Nichiren Buddhism (Japanese: Hokke-shū 法華宗) is a branch of Mahayana Buddhism based on the teachings of the 13th century Japanese priest Nichiren (1222–1282) and is one of the so-called "Kamakura Buddhism" schools. Its spirit and teachings are gleaned from some 300 extant letters and treatises written by Nichiren.
Within Nichiren Buddhism there are two major divisions which fundamentally differ over whether Nichiren should be regarded as a bodhisattva and great teacher or the actual Buddha of a new era. Several of Japan's New Religious Movements are Nichiren-inspired lay groups.
Nichiren Buddhism focuses on the Lotus Sutra doctrine that all people have an innate Buddha-nature and are therefore inherently capable of attaining enlightenment in their current form and present lifetime. Nichiren proposed a classification system that ranks the quality of religions and various Nichiren schools can be either accommodating or vigorously opposed to any other forms of Buddhism or religious beliefs.
Generally, there are two essential emphases in the practice of Nichiren Buddhism. First is the chanting of Nam Myoho Renge Kyo which Nichiren believers contend has extraordinary power. Second is the Gohonzon, a calligraphy which is prominently displayed in the home or temple altars of Nichiren believers. The gohonzon used in Nichiren Buddhism is composed of the names of key bodhisattvas and Buddhas in the Lotus Sutra as well as Namu-Myoho-Renge-Kyo written in large characters down the center.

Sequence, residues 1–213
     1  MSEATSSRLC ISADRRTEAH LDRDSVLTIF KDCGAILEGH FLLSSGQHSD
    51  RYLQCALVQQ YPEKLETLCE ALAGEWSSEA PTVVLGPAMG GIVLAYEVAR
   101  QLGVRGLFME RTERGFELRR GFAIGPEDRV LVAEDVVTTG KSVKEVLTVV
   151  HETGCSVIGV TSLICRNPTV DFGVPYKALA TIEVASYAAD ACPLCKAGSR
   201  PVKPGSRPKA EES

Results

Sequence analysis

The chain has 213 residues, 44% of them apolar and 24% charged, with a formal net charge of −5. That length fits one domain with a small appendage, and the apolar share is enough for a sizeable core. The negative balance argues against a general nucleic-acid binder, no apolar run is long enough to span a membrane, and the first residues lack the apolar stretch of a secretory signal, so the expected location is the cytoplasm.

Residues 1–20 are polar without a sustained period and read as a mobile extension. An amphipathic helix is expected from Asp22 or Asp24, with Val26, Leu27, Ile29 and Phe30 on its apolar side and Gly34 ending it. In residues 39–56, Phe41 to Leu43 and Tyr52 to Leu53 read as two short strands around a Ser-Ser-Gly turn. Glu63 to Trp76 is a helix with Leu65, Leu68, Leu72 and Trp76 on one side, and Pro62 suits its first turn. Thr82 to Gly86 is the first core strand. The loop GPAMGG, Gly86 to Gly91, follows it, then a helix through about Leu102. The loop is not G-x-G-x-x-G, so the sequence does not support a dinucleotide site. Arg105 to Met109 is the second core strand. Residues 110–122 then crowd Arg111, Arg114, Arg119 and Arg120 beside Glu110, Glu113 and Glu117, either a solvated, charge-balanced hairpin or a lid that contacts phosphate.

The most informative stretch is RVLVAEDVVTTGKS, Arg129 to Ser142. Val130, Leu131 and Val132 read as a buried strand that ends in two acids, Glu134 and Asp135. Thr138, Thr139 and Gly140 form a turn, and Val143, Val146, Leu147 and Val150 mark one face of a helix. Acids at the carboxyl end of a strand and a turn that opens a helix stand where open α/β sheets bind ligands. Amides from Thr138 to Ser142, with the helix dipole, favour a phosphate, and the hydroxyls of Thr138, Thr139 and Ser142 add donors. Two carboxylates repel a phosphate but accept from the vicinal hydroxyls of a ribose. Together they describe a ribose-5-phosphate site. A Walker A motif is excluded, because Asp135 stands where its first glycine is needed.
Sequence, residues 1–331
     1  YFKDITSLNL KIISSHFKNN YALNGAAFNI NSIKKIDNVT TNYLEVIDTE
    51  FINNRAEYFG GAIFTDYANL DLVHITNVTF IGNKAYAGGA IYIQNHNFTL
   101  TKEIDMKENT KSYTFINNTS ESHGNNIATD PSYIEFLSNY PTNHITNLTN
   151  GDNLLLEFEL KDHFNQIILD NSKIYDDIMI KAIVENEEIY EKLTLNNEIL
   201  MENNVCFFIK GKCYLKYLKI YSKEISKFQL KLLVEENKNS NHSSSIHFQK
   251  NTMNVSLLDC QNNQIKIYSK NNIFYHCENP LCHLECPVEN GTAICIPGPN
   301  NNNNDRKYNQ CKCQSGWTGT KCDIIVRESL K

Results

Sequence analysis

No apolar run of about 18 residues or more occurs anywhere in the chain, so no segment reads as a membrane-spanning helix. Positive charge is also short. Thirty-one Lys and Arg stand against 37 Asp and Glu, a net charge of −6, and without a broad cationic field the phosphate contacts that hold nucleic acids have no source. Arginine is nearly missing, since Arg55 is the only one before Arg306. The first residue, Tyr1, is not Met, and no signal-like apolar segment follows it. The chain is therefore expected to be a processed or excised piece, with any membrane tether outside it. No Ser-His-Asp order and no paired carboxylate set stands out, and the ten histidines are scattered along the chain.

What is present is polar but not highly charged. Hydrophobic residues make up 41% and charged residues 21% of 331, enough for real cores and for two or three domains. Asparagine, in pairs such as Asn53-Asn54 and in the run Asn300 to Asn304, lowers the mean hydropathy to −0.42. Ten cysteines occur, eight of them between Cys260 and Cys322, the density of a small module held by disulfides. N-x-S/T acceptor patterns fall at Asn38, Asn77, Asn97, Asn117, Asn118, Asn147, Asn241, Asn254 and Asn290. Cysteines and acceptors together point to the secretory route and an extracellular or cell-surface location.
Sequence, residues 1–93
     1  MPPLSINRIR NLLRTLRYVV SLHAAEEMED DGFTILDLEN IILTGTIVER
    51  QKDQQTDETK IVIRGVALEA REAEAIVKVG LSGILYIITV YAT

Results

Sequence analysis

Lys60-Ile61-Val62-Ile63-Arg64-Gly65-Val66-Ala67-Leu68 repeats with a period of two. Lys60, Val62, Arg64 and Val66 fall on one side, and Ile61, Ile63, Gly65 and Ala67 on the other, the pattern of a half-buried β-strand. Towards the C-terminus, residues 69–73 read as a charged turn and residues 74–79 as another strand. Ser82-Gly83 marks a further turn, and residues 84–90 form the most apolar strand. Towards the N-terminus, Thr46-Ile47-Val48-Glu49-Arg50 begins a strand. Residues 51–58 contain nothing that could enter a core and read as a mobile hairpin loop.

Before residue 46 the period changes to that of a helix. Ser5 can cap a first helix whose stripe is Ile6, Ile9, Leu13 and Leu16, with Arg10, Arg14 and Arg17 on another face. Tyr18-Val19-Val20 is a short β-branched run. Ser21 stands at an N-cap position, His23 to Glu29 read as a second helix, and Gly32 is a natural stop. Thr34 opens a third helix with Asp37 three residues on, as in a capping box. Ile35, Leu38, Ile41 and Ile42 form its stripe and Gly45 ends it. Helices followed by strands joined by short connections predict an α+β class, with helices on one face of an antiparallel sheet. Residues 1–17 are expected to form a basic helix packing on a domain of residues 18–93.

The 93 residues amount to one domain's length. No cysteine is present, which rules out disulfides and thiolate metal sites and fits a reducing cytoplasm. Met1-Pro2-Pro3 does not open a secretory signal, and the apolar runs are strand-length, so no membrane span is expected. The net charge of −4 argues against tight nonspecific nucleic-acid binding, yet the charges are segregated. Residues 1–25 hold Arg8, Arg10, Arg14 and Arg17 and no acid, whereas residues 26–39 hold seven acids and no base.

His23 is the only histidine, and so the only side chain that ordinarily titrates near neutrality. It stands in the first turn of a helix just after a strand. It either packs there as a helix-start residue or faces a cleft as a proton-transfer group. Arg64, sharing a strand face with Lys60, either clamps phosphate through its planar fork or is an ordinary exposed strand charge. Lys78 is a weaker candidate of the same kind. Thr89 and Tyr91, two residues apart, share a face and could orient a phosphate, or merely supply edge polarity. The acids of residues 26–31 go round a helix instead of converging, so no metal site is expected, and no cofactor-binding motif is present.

Nichiren left to his followers the mandate to widely propagate the Gohonzon and Daimoku in order to secure the peace and prosperity of society.
Traditional Nichiren Buddhist temple groups are commonly associated with Nichiren Shoshu and varying Nichiren Shu schools, while modern 21st century lay groups vary such as Soka Gakkai, Kenshokai, Shoshinkai, Risshō Kōsei Kai, Honmon Butsuryū-shū are also known.
Nichiren Buddhism is based on the Lotus Sutra. Common to most lineages of Nichiren Buddhism is the chanting of Namu Myōhō Renge Kyō or Nam Myōhō Renge Kyō, and veneration of the Gohonzon. The definition of Gohonzon varies between the Nichiren schools.
Nichiren Buddhism expounds the doctrine of the Ten Worlds of life, the Ten Factors of existence, the principle of The Three Thousand Realms in a single moment of life and the teachings of The Three Proofs for verification of the validity of teachings. Most of these teachings are shared and identical in most schools and groups of Nichiren Buddhism. However, different interpretations are found for the doctrine of the "Three Great Secret Dharmas", called also "The Three Great Secret Laws", and Three Jewels.